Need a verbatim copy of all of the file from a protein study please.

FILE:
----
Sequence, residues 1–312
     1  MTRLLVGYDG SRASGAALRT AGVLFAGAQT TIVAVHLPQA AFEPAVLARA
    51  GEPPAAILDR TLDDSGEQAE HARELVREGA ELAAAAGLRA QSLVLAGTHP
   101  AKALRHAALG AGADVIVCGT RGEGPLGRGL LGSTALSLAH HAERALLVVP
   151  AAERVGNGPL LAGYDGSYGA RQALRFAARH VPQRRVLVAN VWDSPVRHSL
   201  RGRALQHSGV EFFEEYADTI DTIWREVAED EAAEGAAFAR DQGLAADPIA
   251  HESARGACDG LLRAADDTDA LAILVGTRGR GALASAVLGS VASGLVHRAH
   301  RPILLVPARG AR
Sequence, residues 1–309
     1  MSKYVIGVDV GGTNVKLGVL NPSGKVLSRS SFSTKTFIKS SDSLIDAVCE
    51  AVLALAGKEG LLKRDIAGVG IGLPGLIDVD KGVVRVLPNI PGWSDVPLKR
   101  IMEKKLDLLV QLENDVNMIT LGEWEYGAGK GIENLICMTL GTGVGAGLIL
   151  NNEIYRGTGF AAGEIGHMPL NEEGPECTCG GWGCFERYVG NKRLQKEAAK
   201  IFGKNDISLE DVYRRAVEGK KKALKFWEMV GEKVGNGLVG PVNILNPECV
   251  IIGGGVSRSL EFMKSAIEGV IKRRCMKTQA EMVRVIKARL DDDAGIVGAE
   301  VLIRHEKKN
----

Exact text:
Sequence, residues 1–312
     1  MTRLLVGYDG SRASGAALRT AGVLFAGAQT TIVAVHLPQA AFEPAVLARA
    51  GEPPAAILDR TLDDSGEQAE HARELVREGA ELAAAAGLRA QSLVLAGTHP
   101  AKALRHAALG AGADVIVCGT RGEGPLGRGL LGSTALSLAH HAERALLVVP
   151  AAERVGNGPL LAGYDGSYGA RQALRFAARH VPQRRVLVAN VWDSPVRHSL
   201  RGRALQHSGV EFFEEYADTI DTIWREVAED EAAEGAAFAR DQGLAADPIA
   251  HESARGACDG LLRAADDTDA LAILVGTRGR GALASAVLGS VASGLVHRAH
   301  RPILLVPARG AR
Sequence, residues 1–309
     1  MSKYVIGVDV GGTNVKLGVL NPSGKVLSRS SFSTKTFIKS SDSLIDAVCE
    51  AVLALAGKEG LLKRDIAGVG IGLPGLIDVD KGVVRVLPNI PGWSDVPLKR
   101  IMEKKLDLLV QLENDVNMIT LGEWEYGAGK GIENLICMTL GTGVGAGLIL
   151  NNEIYRGTGF AAGEIGHMPL NEEGPECTCG GWGCFERYVG NKRLQKEAAK
   201  IFGKNDISLE DVYRRAVEGK KKALKFWEMV GEKVGNGLVG PVNILNPECV
   251  IIGGGVSRSL EFMKSAIEGV IKRRCMKTQA EMVRVIKARL DDDAGIVGAE
   301  VLIRHEKKN